The Books of To-day and the Books of To-morrow, March 1906


We have received an advance copy of the New Book of Rules for the
Use of Members of Parliament. New Members should pay
particular attention to the following:—

RULE I.—Before taking their seats on nights when Chinese Labour is to be discussed, Members will be required to leave all weapons, such as bludgeons, revolvers, maxim-guns, and volumes of the Encyclopædia Britannica, in the cloak-room.

RULE IV.—Attention must be paid to correct Parliamentary phraseology. Irish Members will still be allowed to shout ‘Judas!’ but the use of expletives by Labour Members is strictly prohibited. In extreme cases, however, the epithet ‘blighter’ may be used.

RULE VI.—Clay pipes must be knocked out against the door-post before entering the debating chamber.

RULE XIV.—No regulations as to dress are issued, but it is recommended that Members, out of respect for the Mother of Parliaments, should endeavour to appear in the costume of the ordinary, well-groomed man-about-town. Mr. Keir Hardie may be cited as a model to those aspiring to be neat without being gaudy.

RULE XV.—The Speaker should be addressed as ‘Mr. Speaker, Sir,’ not as ‘Hi, matey!’

RULE XX.—A vote of censure should be moved verbally, not with a shot-gun.

RULE XXI.—Do not illtreat Sir Henry Campbell-Bannerman. He is doing his best.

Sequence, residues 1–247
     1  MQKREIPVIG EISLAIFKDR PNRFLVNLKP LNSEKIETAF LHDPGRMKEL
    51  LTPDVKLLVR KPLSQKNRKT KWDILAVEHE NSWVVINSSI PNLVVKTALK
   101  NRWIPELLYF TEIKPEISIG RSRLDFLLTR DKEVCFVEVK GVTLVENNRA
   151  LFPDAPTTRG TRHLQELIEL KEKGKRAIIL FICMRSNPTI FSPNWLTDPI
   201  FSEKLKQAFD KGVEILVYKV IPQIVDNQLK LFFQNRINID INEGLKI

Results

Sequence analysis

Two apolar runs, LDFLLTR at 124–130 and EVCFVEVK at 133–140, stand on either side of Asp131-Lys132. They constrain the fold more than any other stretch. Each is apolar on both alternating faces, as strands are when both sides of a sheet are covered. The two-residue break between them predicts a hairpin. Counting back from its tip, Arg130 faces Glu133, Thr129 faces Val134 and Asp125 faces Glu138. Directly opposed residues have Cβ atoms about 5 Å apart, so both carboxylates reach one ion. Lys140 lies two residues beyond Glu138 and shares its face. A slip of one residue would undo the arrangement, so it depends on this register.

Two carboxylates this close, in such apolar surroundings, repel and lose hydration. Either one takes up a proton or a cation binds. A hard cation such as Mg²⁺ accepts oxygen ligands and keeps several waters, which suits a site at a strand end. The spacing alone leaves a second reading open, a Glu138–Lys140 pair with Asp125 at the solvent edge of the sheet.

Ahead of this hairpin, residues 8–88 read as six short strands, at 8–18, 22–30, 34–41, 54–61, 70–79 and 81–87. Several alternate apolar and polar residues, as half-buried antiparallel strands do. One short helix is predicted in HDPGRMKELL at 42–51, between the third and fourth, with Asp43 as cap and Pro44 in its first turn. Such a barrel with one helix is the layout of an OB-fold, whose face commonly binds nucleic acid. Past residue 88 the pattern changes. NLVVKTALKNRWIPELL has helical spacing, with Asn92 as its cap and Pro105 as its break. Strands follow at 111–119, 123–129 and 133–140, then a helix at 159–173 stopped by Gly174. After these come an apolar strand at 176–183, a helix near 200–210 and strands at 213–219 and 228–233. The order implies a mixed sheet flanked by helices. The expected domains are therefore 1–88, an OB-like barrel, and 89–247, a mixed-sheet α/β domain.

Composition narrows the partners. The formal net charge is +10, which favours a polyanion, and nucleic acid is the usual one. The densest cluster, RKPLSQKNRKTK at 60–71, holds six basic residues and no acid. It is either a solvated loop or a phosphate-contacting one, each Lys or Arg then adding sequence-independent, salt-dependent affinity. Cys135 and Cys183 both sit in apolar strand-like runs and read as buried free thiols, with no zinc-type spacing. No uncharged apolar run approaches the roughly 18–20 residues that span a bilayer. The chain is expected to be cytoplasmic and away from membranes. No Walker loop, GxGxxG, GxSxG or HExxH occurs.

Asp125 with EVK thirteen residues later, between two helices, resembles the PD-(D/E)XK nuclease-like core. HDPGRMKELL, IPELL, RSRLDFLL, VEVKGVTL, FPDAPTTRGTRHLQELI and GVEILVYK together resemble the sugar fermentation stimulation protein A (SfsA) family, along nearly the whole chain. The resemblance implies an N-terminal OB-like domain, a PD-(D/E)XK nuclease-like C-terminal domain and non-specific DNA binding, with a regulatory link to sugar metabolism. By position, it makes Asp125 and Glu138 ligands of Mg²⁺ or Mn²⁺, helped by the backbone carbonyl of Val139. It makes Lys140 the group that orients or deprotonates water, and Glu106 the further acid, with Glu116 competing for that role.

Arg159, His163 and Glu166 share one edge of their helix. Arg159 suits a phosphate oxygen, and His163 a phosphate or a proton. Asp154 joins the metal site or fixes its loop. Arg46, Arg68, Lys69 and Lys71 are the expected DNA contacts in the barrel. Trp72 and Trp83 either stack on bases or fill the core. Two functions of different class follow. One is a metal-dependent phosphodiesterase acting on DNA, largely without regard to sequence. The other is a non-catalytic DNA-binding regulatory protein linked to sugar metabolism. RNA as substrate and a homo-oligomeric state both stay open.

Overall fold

RULE XXV.—Questions as to what Mr. John Burns intends to do with the 1500l. of his salary over and above the 500l. which he considers enough for any man, may be asked after debate.

RULE XXX.—Comments on an opponent’s personal appearance should be reserved for the smoking-room. It must be remembered that a man who wears a bowler hat with a frock-coat frequently has the best interests of the country at heart.

RULE XXXI.—Recollect that the Under-Secretary for the Colonies has his feelings like all of us. It is inconsiderate to address him as ‘little man,’ and to ask him when his holidays end.

RULE L.—In mentioning an opponent say ‘The hon. Member for such-and-such a constituency,’ not ‘That ass over there at the end of the second bench.’

RULE LI.—When sitting on a hat, choose somebody else’s.

RULE LIV.—If through neglect of one of the above rules you should happen to be gathered in by the police, do not resist. They are learning Jiu-Jitsu.



Printed unsigned; entered by Wodehouse in Money Received for Literary Work.


Mems.: abbreviation for Memorandums
XIV. Keir Hardie: In the 1892 General Election he became the country’s first socialist M.P. The tradition at that time was for M.P.s to wear top hats and long black coats, and Hardie created a sensation by entering Parliament wearing a cloth cap and tweed suit. (note by John Dawson)
XXI.: Possibly citing the sign in a Western saloon “Do not shoot the pianist. He is doing his best.”—noted by Oscar Wilde in his Impressions of America.
XXV. John Burns: See Wodehouse’s verse “Election Songs”
XXXI.: The Under-Secretary of the Colonies at the time was Winston Churchill, 31 years old, and frequently twitted in the press for his youth and impetuosity.